Classroom Technology

eLearning Update: Report Shows Blended Examples

By Ian Quillen — May 03, 2011 2 min read
  • Save to favorites
  • Print

A new report profiles 40 examples of contemporary blended learning, classifying them by the type of approach they use and attempting to show how each has reduced cost and boosted academic achievement.

The white paper, authored by Heather Staker and released as a collaboration between the Innosight Institute and Charter School Growth Fund, builds upon another document released by Staker and Michael B. Horn in January that, among other things, gave a definition of the widely variant field of blended learning, and broke it into six subtypes.

Moreover, the newer whitepaper contends that all blended learning programs can be mapped on a plane, where the x axis runs on the spectrum from fully brick-and-mortar to fully remote instruction, and the y axis from fully online to fully face-to-face content delivery.

The Mountain View, Calif.-based Innosight Institute is a nonprofit devoted to promoting the theory of disruptive innovation. That theory holds that large-scale reform to transform a complicated and unproductive sector begins with reform that serves those who have no alternative, with others adapting it slowly until it gains more acceptance and becomes a norm. The Charter School Growth fund is a Bloomfield, Colo.-based nonprofit venture capital fund which invests in what it considers the nation’s highest-performing charter schools to expand their impact on underserved student populations.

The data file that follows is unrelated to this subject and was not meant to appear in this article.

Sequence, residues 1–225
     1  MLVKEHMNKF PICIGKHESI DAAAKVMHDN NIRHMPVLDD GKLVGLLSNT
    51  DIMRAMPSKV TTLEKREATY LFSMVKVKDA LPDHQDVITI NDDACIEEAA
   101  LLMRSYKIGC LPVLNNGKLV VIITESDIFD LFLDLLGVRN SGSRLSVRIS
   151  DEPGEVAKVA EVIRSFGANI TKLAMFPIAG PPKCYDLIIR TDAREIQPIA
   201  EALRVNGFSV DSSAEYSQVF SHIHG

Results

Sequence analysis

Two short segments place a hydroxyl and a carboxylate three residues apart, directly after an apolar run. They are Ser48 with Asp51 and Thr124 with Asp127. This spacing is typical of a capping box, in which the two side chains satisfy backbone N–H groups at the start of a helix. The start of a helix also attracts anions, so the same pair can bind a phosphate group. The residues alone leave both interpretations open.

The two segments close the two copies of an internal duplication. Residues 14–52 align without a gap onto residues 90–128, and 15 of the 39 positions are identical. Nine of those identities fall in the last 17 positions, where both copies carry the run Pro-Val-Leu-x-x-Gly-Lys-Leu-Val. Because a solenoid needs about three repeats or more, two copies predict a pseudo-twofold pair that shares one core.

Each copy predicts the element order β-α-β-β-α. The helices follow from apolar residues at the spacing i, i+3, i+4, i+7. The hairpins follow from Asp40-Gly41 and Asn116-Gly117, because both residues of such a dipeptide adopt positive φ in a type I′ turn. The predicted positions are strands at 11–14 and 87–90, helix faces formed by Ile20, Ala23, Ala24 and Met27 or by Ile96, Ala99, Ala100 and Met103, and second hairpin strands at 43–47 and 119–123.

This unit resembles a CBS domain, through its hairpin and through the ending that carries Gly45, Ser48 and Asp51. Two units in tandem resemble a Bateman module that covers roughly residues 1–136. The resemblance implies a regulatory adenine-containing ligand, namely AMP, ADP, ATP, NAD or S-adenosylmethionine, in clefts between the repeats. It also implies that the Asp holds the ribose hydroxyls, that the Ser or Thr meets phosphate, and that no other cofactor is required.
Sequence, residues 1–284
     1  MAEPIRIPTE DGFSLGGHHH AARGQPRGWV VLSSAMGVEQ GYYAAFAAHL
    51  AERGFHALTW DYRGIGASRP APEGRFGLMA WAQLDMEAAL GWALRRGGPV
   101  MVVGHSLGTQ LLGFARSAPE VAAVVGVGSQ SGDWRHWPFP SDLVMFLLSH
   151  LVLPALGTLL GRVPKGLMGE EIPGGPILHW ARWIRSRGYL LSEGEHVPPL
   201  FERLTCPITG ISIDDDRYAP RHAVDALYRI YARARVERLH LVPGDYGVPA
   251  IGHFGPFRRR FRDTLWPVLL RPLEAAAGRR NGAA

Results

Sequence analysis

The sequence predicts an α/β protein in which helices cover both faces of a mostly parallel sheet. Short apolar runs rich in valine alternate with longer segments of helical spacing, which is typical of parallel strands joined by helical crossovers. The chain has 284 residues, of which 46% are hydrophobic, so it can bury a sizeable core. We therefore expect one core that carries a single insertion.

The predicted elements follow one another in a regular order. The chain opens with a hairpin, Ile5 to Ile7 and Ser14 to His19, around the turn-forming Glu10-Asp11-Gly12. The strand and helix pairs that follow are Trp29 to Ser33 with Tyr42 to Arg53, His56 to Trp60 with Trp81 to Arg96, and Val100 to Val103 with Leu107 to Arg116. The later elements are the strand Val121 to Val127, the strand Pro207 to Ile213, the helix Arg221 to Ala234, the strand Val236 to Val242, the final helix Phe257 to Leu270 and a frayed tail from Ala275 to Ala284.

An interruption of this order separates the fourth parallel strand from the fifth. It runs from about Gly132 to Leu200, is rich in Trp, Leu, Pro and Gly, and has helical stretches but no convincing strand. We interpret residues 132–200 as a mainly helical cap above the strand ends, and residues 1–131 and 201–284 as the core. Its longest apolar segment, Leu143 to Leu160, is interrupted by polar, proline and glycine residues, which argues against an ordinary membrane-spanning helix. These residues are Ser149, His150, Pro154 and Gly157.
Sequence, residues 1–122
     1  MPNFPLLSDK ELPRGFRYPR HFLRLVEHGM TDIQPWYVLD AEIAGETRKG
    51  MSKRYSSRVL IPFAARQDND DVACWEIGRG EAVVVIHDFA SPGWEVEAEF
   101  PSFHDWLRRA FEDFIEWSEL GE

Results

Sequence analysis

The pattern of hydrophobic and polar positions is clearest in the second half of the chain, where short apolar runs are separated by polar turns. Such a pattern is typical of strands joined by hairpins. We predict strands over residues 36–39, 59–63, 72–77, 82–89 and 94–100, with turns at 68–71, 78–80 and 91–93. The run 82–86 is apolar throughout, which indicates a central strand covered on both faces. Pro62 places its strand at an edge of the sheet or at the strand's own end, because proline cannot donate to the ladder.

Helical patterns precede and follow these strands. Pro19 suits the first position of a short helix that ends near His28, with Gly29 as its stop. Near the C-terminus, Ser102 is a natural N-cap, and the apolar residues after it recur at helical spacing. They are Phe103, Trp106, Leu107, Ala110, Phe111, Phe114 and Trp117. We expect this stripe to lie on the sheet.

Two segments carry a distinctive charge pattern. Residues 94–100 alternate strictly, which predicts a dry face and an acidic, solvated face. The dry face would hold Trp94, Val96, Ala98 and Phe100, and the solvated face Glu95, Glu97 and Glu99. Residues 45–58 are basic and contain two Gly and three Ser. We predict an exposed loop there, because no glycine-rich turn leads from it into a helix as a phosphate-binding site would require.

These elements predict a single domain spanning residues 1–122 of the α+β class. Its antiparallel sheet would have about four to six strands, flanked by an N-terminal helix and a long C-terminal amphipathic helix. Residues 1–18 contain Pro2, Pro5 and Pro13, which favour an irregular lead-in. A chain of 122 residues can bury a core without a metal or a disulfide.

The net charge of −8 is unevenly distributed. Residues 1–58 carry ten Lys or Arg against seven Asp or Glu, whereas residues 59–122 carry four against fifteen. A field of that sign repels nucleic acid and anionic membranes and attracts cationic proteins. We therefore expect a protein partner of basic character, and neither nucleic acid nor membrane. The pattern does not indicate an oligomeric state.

In addition to explaining and codifying the growing trend of blended education, the report identifies its potential problems. It says without policymakers intervening to craft standards of quality for blended course materials, a fragmented market will result, creating competition on the basis of providing the cheapest service rather than the best. It also stresses that blended learning models that center on procedures rather than outcomes will undermine potential benefits that include the ability to break barriers of time and place.

The report marks the continuing construction of a knowledge base for the still-nascent blended learning field. But since it classifies blended learning is the kind of disruptive innovation the Innosight Institute was constructed to promote, it would be hard to classify it as unbiased research. And while the white paper argues that careful attention from policymakers is needed to shepherd blended learning, it’s unclear whether policymakers will see such a report as proof of blended learning’s legitimacy.

A version of this news article first appeared in the Digital Education blog.